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The World War II-era submarine USS Razorback moored Tuesday in Gibraltar. Navy veterans are bringing the submarine from Turkey to an Arkansas riverfront museum.
The World War II-era submarine USS Razorback moored Tuesday in Gibraltar. Navy veterans are bringing the submarine from Turkey to an Arkansas riverfront museum. (Scott Schonauer / S&S)
The World War II-era submarine USS Razorback moored Tuesday in Gibraltar. Navy veterans are bringing the submarine from Turkey to an Arkansas riverfront museum.
The World War II-era submarine USS Razorback moored Tuesday in Gibraltar. Navy veterans are bringing the submarine from Turkey to an Arkansas riverfront museum. (Scott Schonauer / S&S)
Navy veteran Bob Opple walks on the USS Razorback on Tuesday in Gibraltar.
Navy veteran Bob Opple walks on the USS Razorback on Tuesday in Gibraltar. (Scott Schonauer / S&S)
Max Bassett, 68, a retired Navy master chief, uses a flashlight as he gives a tour of the World War II-era submarine USS Razorback on Tuesday in Gibraltar.
Max Bassett, 68, a retired Navy master chief, uses a flashlight as he gives a tour of the World War II-era submarine USS Razorback on Tuesday in Gibraltar. (Scott Schonauer / S&S)
A group takes a tour of the torpedo room inside the USS Razorback on Tuesday in Gibraltar.
A group takes a tour of the torpedo room inside the USS Razorback on Tuesday in Gibraltar. (Scott Schonauer / S&S)

GIBRALTAR — Max Bassett squeezed his round frame through the submarine’s small vestibules with no problem but confessed it sure is a lot tougher to do at 68 years old. He once could almost fly from one end to the next when he served as a Navy engineman more than 40 years ago.

“It was a lot easier then,” he said, laughing. “Yeah, I was about 30 pounds lighter, too.”

Bassett, a retired Navy master chief petty officer, served aboard the diesel-powered USS Razorback from 1959 to 1962. Now, he and other Navy veterans are back on the 60-year-old sub, helping tug the World War II-era boat from Turkey to the United States, where it will become a floating museum.

Bassett, former shipmate Bob Opple and a tugboat crew stopped in Gibraltar on Tuesday before making the trip across the Atlantic Ocean.

The journey might not be suited for retired, gray-haired grandfathers, but Bassett said seeing his old submarine being towed to its final resting place in the States makes him feel years younger.

“I don’t know how to explain it,” he said. “You know, I’m getting old. But it makes you feel like a kid again. … I’ve got this going. I’ve got a beautiful girlfriend back in Florida waiting for me to get home. Hell, I’ll probably live another 68 years.”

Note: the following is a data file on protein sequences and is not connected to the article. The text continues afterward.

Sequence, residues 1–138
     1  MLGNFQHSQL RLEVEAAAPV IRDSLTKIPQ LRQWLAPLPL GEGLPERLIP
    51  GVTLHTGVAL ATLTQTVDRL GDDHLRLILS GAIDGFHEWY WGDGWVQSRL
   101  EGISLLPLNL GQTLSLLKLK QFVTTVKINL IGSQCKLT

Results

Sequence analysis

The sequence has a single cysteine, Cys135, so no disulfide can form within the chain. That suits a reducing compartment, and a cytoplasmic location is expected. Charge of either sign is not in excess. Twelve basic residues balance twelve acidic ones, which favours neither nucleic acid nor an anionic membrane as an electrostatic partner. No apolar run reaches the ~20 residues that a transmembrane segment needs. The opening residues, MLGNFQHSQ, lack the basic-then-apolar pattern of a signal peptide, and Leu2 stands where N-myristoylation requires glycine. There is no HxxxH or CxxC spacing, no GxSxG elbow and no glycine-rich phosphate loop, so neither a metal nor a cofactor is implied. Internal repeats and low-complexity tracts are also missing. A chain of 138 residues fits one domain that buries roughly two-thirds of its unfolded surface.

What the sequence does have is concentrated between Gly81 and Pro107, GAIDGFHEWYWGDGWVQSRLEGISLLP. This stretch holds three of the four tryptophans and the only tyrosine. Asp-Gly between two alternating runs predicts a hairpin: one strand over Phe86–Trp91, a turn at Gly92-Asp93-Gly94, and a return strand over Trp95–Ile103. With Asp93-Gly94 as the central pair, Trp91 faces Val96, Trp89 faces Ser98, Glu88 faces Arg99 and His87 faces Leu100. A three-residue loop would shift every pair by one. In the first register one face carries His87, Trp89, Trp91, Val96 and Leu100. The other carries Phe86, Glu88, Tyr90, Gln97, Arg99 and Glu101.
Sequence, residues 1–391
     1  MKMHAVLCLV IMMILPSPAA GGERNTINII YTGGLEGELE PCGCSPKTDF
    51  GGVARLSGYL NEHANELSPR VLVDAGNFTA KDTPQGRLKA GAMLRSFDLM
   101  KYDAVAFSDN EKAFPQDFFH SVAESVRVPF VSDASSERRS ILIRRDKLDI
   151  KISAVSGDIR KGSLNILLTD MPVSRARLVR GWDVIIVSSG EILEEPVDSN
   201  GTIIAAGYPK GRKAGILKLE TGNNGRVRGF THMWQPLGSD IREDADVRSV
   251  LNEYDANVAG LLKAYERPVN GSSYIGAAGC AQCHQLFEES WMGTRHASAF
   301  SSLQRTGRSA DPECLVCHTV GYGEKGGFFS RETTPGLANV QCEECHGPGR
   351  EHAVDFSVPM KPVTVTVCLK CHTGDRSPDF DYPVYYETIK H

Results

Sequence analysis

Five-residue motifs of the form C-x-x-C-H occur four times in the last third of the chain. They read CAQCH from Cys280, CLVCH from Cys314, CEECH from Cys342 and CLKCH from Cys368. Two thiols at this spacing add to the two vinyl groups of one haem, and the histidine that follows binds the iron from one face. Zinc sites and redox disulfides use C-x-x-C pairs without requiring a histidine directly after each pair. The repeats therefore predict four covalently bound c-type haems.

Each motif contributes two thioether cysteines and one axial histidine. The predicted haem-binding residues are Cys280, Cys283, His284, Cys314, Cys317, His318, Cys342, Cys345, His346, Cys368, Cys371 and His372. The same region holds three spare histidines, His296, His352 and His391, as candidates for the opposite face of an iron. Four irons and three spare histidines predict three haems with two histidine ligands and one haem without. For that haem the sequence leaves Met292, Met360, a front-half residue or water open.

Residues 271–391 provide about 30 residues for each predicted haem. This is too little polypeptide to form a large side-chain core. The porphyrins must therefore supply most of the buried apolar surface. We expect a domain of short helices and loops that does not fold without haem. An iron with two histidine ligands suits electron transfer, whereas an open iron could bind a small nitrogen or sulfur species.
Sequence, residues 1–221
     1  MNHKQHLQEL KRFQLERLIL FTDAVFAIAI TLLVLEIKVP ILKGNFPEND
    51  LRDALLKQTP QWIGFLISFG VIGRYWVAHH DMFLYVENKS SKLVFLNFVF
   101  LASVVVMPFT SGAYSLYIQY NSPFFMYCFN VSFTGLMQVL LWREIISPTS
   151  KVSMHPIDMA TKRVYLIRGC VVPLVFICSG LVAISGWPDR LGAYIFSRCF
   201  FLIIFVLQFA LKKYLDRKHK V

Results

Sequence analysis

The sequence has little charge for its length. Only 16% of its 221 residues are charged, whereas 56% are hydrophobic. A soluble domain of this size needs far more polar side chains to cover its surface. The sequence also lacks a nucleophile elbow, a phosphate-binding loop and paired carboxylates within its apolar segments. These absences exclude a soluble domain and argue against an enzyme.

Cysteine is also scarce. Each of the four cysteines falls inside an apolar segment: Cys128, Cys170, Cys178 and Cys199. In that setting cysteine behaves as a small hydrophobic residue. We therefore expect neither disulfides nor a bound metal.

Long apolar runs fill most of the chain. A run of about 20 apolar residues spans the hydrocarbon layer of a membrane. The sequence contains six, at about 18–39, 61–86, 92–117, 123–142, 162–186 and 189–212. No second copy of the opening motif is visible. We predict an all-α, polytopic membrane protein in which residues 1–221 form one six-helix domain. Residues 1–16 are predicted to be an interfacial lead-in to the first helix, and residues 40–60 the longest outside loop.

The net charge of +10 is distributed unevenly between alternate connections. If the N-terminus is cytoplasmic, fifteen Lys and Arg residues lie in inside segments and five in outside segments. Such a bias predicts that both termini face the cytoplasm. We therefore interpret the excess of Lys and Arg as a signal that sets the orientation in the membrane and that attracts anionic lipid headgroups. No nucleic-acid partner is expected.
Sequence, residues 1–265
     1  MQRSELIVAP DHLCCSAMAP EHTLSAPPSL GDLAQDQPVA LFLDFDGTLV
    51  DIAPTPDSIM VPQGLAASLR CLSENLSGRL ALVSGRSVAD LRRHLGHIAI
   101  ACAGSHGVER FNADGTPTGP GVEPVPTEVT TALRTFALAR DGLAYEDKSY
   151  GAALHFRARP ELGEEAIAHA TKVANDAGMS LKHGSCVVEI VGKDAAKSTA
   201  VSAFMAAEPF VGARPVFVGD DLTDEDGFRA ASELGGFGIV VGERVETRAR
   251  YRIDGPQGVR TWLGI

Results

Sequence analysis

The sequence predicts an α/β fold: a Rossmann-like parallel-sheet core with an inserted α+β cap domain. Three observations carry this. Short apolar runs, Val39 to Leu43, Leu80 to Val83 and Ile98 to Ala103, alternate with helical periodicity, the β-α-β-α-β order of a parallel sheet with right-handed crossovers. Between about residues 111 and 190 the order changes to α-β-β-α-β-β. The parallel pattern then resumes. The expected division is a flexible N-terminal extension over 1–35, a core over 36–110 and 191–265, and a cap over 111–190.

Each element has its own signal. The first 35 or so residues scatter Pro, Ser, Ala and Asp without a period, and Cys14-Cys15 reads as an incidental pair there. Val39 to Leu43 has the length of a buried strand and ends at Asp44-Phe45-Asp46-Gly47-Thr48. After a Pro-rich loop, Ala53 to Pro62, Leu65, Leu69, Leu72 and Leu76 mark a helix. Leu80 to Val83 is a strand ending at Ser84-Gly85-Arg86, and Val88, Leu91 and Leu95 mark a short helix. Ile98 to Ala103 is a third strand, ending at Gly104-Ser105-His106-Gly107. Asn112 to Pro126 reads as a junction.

How a group of veterans saved its precious sub from the scrap heap, bought it from Turkey and helped bring it home is an inspiring story that is almost too good to be true.

Veterans didn’t know the 312-foot vessel was still around until about three years ago, when they discovered that the Turkish Navy had planned to decommission the Razorback this year, 34 years after buying it from the U.S. government.

Opple, a retired submariner, was shocked that the Razorback was still around. He called Bassett and Maurice Barksdale, who served as a cook on the Razorback.

“Let’s go to Turkey and try and save this thing,” Opple told them.

From that moment on, they would make it their mission to rescue the sub before it was dismantled, which U.S. government officials required as part of the deal when they sold it to Turkey in 1970.

With the help of donations, hundreds of veterans and the mayor of North Little Rock, Ark., they persuaded the U.S. State Department and the Turkish government to let the group buy it.

“It took us 2½ years of all kinds of ups and downs and crap,” Bassett said. “But, all of the sudden, we got it.”

Last fall, the Turkish government sold the sub to the group for about $38,000 and officially handed it over on March 25. It was a dream come true for hundreds of sub vets who once served in what is known as the “Silent Service” because much of what they did was secret.

“This is truly a mission of love,” said Opple, 64, the commander of the Seattle Submarine Veterans Association.

The ship is too old to sail to the States. That’s why the group must tow it to its final destination.

More than 650 veterans offered to help bring the Razorback to Arkansas, but Bassett and Opple are the only submariners making the trip. The group hopes to bring the sub, which went on four war patrols in World War II and took part in the formal surrender of the Japanese, to Arkansas on the Fourth of July.

“I can think of nothing better than to have this thing 100 years from now as a museum and have some little Boy Scouts or Girl Scouts sneak aboard this thing as a weekend camp-over and just go, ‘Wow, look at this!’” Opple said. “And I want to save it for posterity.”

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